Potted meats seem to be popular at the minute as I've seen them on many menus. Over the years I've made a few of them, ranging from rillettes du porc through to hough - the Scottish dish of beef shin set in its own gelatine - and I can say hands down I've enjoyed them all. I'm a self-confessed meat addict, rarely going a meal without any (even my daily breakfast revolves around it - I need my protein) and the idea of spreadable meat - scratch that - rich, fatty, heavily seasoned spreadable meat is right in so many ways. Pair it with some toast and a pickle of some description and your well on the way to an ideal lunch.
For the blog I wanted to do something a bit different from your average rillettes, not that a plain rillettes isn't lovely (many a day on the slopes has been sustained with a baguette and tin of rillettes du porc stuffed in the rucksack) but there are hundreds of recipes on the web already. The thought of using ham came to mind as I'd seen potted ham recipes but I didn't want to mince leftover ham and set it with some butter. Not that it isn't tasty - it is so - but I wanted to set off with the sole aim of a potted product, not a dish of leftovers. By using a rillettes recipe every last bit of hammy goodness would end up in the dish, no wayward meat juices lost through boiling or roasting and no requirement for extra fat. Just start with a lump of cured pork and cook it down, stewing it its own rendered fat until all that was left was tender strands of flesh, pink from the cure and moist with lard. I guessed at this point it would want a bit of seasoning, although being cured (and so having spent a few days in salt already) it would mean that I'd only need to turn to black pepper.
For the recipe I cured my own piece of pork shoulder because it has a good proportion of fat (key for rillettes) and because the texture has the large striations you need too. This may also work with a piece of gammon as well but I think you'd need to add some extra fat. Everyone should learn how to cure though before it becomes a lost art so I'd suggest buying some cure #1 and cracking on, you can then make your own bacon and salt beef too.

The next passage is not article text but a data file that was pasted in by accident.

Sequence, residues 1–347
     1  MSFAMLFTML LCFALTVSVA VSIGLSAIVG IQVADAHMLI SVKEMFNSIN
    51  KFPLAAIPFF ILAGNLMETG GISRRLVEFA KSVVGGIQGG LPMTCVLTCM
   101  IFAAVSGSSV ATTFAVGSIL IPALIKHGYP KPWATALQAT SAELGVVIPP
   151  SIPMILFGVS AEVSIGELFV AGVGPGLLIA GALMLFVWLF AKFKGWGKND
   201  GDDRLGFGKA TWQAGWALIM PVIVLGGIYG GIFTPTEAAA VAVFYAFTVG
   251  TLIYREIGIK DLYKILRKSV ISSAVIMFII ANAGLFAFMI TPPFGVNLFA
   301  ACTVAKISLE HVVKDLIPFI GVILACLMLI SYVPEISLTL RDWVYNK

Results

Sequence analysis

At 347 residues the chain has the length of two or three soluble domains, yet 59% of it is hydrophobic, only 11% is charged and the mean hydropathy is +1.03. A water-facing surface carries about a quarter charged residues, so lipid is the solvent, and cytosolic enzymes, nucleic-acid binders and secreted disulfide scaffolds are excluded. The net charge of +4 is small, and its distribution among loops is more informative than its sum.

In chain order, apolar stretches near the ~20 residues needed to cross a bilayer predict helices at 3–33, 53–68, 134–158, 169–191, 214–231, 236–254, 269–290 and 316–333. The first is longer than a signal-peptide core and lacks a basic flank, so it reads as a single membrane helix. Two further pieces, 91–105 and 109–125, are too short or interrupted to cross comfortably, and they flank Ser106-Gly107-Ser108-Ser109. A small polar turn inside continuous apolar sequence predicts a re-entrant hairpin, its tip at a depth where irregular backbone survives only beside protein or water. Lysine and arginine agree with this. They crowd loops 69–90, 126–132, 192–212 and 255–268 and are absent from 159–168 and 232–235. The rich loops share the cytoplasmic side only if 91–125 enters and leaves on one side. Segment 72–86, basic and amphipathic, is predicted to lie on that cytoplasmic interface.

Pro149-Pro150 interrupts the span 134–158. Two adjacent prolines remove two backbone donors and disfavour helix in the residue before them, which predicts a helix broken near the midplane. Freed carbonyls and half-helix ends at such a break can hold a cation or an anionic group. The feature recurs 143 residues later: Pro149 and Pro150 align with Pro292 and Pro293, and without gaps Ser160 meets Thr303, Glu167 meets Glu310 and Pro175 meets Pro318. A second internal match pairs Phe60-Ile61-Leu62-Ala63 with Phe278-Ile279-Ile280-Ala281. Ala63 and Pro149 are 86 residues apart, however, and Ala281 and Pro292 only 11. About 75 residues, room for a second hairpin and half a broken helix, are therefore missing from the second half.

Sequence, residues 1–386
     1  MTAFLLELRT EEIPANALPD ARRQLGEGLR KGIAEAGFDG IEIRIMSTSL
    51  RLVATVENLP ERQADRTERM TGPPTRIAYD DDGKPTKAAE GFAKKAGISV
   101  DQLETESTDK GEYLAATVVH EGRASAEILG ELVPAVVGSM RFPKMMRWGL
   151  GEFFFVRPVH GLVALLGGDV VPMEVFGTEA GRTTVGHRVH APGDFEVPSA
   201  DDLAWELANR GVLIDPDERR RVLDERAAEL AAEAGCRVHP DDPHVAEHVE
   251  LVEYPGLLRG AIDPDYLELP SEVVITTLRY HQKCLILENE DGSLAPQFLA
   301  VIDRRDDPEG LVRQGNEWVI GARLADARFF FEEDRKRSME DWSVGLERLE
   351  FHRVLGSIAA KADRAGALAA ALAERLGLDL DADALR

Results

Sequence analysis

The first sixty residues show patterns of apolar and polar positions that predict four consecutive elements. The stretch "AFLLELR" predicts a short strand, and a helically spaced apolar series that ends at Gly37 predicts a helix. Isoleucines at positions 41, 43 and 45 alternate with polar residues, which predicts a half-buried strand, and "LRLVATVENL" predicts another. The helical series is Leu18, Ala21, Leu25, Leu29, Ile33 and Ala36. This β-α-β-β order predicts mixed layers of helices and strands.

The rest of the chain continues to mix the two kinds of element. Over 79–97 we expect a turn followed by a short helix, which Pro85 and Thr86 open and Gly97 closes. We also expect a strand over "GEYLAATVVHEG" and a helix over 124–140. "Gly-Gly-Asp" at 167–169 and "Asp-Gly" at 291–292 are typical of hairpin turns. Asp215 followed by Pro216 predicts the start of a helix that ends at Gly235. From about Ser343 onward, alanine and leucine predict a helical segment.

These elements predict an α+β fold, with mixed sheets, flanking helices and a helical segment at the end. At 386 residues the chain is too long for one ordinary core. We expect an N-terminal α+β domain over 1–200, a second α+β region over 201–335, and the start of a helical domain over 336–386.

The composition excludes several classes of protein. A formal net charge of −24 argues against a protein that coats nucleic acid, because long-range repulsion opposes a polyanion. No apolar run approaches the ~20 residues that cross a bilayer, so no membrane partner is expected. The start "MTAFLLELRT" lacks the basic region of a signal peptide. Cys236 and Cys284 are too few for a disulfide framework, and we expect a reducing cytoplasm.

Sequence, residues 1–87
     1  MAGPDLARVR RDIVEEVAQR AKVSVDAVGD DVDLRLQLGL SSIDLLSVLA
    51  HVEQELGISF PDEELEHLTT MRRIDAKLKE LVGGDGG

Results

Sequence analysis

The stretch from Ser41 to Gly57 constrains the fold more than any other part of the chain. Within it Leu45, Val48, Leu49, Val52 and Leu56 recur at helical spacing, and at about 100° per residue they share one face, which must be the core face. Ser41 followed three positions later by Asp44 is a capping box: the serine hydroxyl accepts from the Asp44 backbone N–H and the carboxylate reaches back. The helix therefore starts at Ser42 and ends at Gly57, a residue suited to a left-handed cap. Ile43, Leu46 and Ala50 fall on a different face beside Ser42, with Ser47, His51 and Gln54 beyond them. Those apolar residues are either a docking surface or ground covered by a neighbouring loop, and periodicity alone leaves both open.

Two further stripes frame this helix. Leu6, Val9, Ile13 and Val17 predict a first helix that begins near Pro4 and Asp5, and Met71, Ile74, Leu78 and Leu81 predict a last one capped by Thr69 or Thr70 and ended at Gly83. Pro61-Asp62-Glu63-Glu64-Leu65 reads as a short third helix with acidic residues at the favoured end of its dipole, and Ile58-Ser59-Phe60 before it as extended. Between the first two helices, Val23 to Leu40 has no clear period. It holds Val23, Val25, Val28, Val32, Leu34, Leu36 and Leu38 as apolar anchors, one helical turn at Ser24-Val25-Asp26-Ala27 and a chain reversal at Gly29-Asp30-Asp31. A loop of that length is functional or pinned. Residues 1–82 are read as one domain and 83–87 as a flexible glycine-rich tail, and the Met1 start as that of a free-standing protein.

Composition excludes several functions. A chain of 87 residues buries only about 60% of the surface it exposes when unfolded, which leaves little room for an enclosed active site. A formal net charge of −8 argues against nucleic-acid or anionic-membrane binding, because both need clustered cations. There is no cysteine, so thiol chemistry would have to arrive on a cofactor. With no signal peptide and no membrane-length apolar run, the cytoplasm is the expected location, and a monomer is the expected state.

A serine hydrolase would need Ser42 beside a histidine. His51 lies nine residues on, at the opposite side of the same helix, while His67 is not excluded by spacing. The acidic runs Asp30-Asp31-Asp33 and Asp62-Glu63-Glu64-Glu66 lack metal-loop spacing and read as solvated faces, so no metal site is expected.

Rillettes of Ham
1kg pork shoulder, about 75% lean and 25% fat
3gr cure #1
A little lard, maybe 50gr
Cube the shoulder into 3-4cm cubes, cut any pure fat into smaller cubes of about 1-2cm. Rub with the salt, sugar and cure #1 and place into a zip-lock plastic bag. Leave in the fridge for 4 or 5 days, turning every day and giving a massage to redistribute the cure.
Remove the meat from the bag and wash well then place in a saucepan and cover with water by about 3cm. Bring to the boil then turn the heat right down and simmer for about 2.5 hours. Within an hour or so the water should have evaporated leaving the meat simmering in its own rendered fat. Stir occasionally to stop it sticking.
At this point the meat should fall apart easily so season it well with black pepper then break it down with a potato masher - or a spoon if you're a glutton for punishment (it will take a while) - until it is a mass of glistening pink strands. Pack into clean ramekins - 4 to 6 probably - and cool, refrigerating till set. Melt the lard and then pour on top of each till covered. If you try and skip the cooling stage the warm rillettes will absorb all the excess lard, so don't.
When you're ready to eat take it out the fridge half an hour prior to the meal so it can soften a bit. Serve with toast or bread and something pickled. I went for piccalilli. I don't eat the lard coating, it's just there so it keeps better. I doubt it will kill you if you do though, well maybe kill you slowly through heart disease but not on the spot.